Silver Maples Acer saccharinum can have both sexes on the same tree. The red flowers in the foreground are female. The "pom-pom" looking flowers on the right are male and loaded with pollen. If you look close (or click on the pic) you can see the male's yellow pollen grains have already been wind blown onto the female flowers.
Most of my street's trees are mature Silver Maples. Just sitting on my front porch, I can see at least a dozen 100-year-old-big Silver Maples currently in bloom, so it's looking very "birds do it, bees do it, the flowers and the trees do it" randy-in-the-skies to me right now.
They're not the only mating game going on this early in the season: I saw a female squirrel eating the Silver Maples' flower buds. She needs their early nutrition: she already has her whitish patchy "jacket" on. It's not mange, it's motherhood. She's already mated and plucked fur from her upper body to insulate her and her brood's nest.
Silver Maple are early bloomers. Before the Red Maples. Although the two bloom periods do overlap and naturally cross to become what's called Swamp Maple aka Freeman Maple Acer x fremmanii. They're trying them now up the street from here, say they're less brittle. I'm thinking about getting one for my neighbourhood park.
Here in southern Ontario, our earliest native blooms open in this order:
1. Skunk Cabbage
2. Silver Maples
3. Harbingers-of-Spring Erigenia bulbosa (rare)
4. Spring Beauty
5. then a blur of hepatica (see comments), ginger, trout lily, toothwort, bloodroot, dwarf ginseng and foamflower. I still can't figure out their order because at exactly "spring woodland ephemeral" time, I'm usually happily hiking all over southern Ontario between places where the bloom times might be different by five days.
I'm grateful to whoever chose to plant my street with Silver Maples. I know they were a popular street tree all over the city ("were" = now some of the urban forestry and hydro guys complain that they overmature too fast, are too brittle, drop limbs, too much debris), but they're especially appropriate to this area, and what it was: the backwater of the former Ashbridges Bay, Lake Ontario. Despite the area since being landfilled, these trees are appropriate to what this area's buried soils and gullies and hydrology and high water table still are. "Silver maple appears as a dominant species only in streamside communities or on the fringes of lakes or backwaters of streams. Occasionally it is found in swamps, gullies, and small depressions of slow drainage. Though it generally cannot compete with other species in upland environments, silver maple seedlings are adapted to survive long periods of inundation in bottom lands, where flooding is one of the factors that determine the makeup of individual stands..." Read the source of that quote here, it's a good one. Just how water-edge adapted are Silver Maples? Check out this pic (above right) from U of Wisconsin's Herbarium.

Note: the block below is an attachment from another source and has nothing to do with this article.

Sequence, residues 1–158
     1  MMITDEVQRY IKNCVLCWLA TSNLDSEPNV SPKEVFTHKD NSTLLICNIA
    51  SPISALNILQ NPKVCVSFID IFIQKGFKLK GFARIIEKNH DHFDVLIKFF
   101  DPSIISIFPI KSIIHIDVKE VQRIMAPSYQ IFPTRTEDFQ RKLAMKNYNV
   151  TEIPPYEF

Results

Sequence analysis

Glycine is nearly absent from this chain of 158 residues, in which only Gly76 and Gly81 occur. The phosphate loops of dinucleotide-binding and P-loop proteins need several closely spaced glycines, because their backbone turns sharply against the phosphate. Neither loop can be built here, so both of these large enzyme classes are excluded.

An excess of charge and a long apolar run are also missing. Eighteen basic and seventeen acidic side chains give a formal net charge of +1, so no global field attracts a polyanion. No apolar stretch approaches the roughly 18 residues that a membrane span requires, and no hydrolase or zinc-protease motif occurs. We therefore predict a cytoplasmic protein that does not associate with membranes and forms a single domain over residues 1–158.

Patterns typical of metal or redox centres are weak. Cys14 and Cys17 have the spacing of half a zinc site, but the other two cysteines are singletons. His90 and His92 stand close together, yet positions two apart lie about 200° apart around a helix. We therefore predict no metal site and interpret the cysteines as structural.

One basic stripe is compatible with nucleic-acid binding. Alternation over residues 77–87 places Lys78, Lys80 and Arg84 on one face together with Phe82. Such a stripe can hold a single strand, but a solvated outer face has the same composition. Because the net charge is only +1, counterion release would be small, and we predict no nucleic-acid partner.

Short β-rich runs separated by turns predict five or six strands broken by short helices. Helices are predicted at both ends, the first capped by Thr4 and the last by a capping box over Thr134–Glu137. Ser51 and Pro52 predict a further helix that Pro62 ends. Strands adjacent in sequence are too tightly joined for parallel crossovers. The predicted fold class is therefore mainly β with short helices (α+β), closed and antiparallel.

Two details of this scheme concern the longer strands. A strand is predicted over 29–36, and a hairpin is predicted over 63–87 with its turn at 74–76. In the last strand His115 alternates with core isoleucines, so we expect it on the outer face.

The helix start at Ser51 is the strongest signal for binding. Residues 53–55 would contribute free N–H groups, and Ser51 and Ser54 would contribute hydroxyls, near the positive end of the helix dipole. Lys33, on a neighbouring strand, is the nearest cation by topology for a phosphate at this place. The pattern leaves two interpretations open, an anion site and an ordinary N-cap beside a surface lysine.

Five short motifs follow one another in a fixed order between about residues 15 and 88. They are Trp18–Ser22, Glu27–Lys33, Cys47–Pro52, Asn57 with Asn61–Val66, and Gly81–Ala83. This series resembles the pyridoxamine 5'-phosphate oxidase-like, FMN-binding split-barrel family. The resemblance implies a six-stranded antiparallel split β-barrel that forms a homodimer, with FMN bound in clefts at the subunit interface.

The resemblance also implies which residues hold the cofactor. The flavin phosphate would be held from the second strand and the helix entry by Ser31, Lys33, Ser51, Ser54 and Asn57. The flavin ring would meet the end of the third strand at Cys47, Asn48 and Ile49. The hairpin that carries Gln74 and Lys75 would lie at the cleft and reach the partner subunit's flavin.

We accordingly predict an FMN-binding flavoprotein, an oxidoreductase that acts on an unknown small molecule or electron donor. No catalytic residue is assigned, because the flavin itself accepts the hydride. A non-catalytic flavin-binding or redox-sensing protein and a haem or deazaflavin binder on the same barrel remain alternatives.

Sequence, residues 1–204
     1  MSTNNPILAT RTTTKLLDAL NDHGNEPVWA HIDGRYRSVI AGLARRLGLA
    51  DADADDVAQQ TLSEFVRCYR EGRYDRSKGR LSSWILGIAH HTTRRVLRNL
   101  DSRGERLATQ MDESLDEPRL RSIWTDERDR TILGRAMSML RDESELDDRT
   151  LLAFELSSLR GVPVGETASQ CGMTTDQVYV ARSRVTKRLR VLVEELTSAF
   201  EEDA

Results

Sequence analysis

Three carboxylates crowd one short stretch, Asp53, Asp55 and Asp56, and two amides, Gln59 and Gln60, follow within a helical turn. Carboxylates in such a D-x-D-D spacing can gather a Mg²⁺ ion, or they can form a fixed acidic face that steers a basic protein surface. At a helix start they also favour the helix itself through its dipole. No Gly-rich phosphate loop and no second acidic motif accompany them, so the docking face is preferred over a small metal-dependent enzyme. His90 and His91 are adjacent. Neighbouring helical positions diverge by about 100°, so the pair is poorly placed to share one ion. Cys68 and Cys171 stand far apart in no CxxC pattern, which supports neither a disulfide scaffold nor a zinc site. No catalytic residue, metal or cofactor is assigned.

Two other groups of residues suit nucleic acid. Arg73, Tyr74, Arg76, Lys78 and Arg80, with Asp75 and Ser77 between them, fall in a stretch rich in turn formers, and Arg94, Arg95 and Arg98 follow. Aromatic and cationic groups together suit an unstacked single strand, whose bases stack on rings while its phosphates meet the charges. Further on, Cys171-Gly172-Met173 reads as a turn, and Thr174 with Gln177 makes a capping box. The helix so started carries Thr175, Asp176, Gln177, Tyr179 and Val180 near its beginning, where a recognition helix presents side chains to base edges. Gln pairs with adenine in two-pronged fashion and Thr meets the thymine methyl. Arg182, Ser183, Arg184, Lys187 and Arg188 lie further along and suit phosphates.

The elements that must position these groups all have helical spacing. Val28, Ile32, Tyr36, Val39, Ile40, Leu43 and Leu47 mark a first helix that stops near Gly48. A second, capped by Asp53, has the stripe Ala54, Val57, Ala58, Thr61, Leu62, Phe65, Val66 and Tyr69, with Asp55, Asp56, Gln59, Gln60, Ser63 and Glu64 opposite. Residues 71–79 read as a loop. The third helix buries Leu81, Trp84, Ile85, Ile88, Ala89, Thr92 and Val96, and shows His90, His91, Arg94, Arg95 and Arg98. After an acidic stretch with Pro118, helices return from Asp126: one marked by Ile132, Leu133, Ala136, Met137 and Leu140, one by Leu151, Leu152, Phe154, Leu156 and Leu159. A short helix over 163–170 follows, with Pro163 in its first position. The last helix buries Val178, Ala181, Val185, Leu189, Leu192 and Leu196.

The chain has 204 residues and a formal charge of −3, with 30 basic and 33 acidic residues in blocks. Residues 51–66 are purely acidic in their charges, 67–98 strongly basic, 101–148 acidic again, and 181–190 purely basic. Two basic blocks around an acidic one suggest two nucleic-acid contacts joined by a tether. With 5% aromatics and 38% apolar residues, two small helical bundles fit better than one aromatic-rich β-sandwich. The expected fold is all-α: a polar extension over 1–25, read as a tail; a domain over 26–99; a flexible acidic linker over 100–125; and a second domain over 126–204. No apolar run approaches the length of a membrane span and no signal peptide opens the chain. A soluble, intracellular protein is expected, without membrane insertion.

The Silver Maples' second act is the helicopter show. All June long. Yup. Tip: if your garden is already well mulched w/ leaves and wood chip or bark mulch, most of the keys will just decompose to become mulch themselves. Then later i just pull out any seedlings that did germinate.
Silver Maples' third act? A subtle sleeper: a breezy, big and balmy, sweet summer song.
It took me years to recognize it, but the sound of warm summer winds swirling around the leaves of big old Silver Maple is one my best childhood memories. Especially in concert with the leaves of willows and cottonwoods. All shoreline species. If you don't know those sounds, come a warm day in summer, they're worth a listen.
Myself, I'm so used to hearing all of those leaves along water edges and shorelines -- creek, riverbank, bay, beach -- on cue I can imagine a common concurrent sound: the slow rhythm of waves: crestfall or gentler lick-and-lap. Pause. Swash back out. repeat.
Sometimes even now, when I'm in those sounds, for split seconds I am 3, 5, 9, 12 or 15 (often all-of-them-at-once), sun/mud/silt-browned, forearms sparkled with sand, my barefoot and bathing suited body is small and close to the ground, running along southwestern Ontario water edges and shorelines. The wind smells of small fires, fish (pickerel, perch, catfish, sunfish and the throw-'em-back sheephead: unless we kept the "j" stones / otoliths from behind their eyes for good luck) and some times charcoal from a hibatchi BBQ. Salamanders, turtles, muskrats were common sights.
Cool ground on my back when I'd lay down under those trees, those leaves, half closing my eyes so i could look up into the changing blurs of dappled sunlight. What a lullabye that seems now.
Funny now, how I had to move all the way to this street in Toronto, to learn for the first time that "Silver Maples" was the name for a windsong I had already always known.